The British pig industry has made huge strides in professionalism but is being “sold short by Brussels” in some areas, National Pig Association (NPA) chairman Richard Longthorp told MEPs in Brussels this morning.
Speaking during an all-British breakfast meeting with MEPs he said British pig-keepers were being “shackled by a Brussels executive that did not always inspire confidence in producers or consumers”.
Recent failings at an EU level, he continued, included insufficient checks and enforcement of the 2013 gestation stall ban and an apparent reluctance to introduce country of origin labelling for processed meats, even lightly processed products such as bacon, ham and sausages.
“We live in an era where consumers have been faced with a host of real and potential issues and continue to seek more assurances regarding food safety, provenance and ethical and environmental criteria,” he said.
“The British pig industry believes Brussels has a responsibility to address any legitimate and evidence-based concerns, but not to kow-tow to the whims of every lobby group around.”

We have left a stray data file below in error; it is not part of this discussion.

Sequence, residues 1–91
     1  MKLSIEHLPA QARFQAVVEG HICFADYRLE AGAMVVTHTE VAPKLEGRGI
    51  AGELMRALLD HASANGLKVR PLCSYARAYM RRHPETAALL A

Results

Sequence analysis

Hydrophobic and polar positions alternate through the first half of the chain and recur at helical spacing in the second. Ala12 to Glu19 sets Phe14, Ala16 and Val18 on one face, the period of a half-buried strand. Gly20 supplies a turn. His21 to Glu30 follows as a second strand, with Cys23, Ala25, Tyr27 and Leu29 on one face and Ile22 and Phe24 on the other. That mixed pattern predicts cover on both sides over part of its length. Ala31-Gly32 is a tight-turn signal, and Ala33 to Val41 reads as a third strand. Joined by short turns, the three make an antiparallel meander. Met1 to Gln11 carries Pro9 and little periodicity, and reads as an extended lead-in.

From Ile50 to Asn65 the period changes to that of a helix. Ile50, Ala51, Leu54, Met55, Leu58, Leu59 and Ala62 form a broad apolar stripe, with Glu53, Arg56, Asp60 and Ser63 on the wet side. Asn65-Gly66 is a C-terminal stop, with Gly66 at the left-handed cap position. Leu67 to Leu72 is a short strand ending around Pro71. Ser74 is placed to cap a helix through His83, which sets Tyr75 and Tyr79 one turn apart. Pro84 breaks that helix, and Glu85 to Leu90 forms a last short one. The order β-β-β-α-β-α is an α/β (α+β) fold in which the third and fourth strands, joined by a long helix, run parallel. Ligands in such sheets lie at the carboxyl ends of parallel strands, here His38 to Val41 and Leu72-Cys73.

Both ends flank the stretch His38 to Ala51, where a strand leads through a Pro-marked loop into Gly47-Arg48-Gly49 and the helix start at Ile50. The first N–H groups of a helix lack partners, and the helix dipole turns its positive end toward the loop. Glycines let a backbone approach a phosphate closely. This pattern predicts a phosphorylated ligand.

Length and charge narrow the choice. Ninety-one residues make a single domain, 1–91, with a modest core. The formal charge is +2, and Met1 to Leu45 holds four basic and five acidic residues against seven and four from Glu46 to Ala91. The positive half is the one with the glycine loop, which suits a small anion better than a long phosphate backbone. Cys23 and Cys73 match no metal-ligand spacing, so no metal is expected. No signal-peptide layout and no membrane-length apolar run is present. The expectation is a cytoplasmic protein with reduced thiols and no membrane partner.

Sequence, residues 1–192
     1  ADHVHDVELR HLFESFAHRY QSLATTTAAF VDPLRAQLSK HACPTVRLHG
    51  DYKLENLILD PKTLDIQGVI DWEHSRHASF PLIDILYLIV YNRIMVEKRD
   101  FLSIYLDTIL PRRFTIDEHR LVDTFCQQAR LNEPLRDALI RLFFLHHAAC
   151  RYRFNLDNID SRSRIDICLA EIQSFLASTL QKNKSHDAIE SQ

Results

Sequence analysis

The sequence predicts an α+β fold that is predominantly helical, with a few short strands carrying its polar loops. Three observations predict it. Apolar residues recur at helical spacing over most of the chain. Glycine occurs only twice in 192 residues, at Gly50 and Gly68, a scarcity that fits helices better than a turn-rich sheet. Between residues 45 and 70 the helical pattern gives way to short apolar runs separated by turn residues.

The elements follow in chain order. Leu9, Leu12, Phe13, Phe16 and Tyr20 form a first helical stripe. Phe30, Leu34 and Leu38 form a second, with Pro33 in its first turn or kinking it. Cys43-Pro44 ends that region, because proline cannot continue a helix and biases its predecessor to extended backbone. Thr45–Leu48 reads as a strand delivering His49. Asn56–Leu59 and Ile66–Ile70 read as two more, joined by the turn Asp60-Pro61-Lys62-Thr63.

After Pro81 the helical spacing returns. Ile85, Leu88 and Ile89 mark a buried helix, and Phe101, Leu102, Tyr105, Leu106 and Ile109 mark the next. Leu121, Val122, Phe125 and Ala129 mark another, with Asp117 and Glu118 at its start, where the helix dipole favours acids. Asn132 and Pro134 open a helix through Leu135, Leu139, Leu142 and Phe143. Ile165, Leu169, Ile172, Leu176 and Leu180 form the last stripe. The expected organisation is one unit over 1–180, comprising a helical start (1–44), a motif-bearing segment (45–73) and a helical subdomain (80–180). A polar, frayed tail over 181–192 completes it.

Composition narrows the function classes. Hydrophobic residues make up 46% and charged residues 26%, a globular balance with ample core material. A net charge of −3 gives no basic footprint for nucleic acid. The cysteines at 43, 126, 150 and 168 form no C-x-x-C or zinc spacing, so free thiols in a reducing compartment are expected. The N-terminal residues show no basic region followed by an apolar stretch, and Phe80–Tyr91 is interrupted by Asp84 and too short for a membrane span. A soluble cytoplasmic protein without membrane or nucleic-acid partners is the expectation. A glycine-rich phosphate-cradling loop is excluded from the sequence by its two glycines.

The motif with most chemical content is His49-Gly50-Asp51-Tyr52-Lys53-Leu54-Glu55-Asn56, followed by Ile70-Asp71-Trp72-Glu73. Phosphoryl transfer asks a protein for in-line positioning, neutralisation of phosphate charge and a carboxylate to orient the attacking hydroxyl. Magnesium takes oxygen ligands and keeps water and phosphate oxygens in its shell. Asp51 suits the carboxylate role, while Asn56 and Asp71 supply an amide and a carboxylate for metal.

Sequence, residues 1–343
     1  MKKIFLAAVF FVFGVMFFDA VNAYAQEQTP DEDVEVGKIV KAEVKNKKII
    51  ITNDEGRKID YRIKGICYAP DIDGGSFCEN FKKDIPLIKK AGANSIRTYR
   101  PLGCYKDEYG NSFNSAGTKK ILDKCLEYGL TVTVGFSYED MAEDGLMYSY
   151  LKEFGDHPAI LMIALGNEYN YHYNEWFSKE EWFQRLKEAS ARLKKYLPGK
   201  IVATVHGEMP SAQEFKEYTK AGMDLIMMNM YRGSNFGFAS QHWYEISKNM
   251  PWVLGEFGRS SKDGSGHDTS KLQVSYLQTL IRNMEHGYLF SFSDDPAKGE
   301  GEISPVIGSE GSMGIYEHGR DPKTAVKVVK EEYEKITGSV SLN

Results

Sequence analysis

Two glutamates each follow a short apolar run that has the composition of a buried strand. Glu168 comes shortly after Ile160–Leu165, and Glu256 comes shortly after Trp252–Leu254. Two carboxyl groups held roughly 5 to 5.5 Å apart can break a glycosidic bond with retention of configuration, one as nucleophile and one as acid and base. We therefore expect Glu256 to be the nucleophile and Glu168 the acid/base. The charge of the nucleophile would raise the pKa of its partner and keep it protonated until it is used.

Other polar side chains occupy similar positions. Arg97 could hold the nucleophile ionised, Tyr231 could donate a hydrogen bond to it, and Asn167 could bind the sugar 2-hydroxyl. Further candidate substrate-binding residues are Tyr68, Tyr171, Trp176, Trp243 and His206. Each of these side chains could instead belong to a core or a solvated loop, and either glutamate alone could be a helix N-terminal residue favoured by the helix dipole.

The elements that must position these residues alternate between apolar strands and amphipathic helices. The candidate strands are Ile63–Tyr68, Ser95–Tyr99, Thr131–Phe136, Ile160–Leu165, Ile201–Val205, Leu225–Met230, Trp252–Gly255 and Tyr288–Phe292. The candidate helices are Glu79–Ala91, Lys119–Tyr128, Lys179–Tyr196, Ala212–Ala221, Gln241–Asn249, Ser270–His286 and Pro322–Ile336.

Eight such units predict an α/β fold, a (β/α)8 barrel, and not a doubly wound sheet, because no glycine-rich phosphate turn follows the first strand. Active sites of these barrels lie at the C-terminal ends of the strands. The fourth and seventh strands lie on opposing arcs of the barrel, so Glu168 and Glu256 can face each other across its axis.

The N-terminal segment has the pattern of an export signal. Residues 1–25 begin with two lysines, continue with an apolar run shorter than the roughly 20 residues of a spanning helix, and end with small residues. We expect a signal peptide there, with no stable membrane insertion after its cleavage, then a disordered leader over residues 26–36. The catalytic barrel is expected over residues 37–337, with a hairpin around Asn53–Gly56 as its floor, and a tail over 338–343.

The NPA chairman highlighted the steps towards professionalism taken by the British industry, including Real Welfare audits, certification of husbandry standards, recording on-farm use of antibiotics and independently-auditing more than 90% of pigs for regulatory compliance and good practice.
“We in Britain are extremely proud of our professional standards and I would hope that others in the European Union would share our enthusiasm for professionalism,” he said.
Mr Longthorp also made time to comment in the developments surrounding the EU/US Transatlantic Trade and Investment Partnership (TTIP), saying that it “afforded a big opportunity for Europe’s high-welfare pork, but it also posed a threat”.
“If internal EU pork markets are opened up to pork produced to lesser standards and with a consequent lower cost of production there is absolutely no doubt what will happen,” he said. “EU pig production will be exported to countries with lower standards. We saw this happen in Britain 15 years ago when we introduced our unilateral stalls ban.”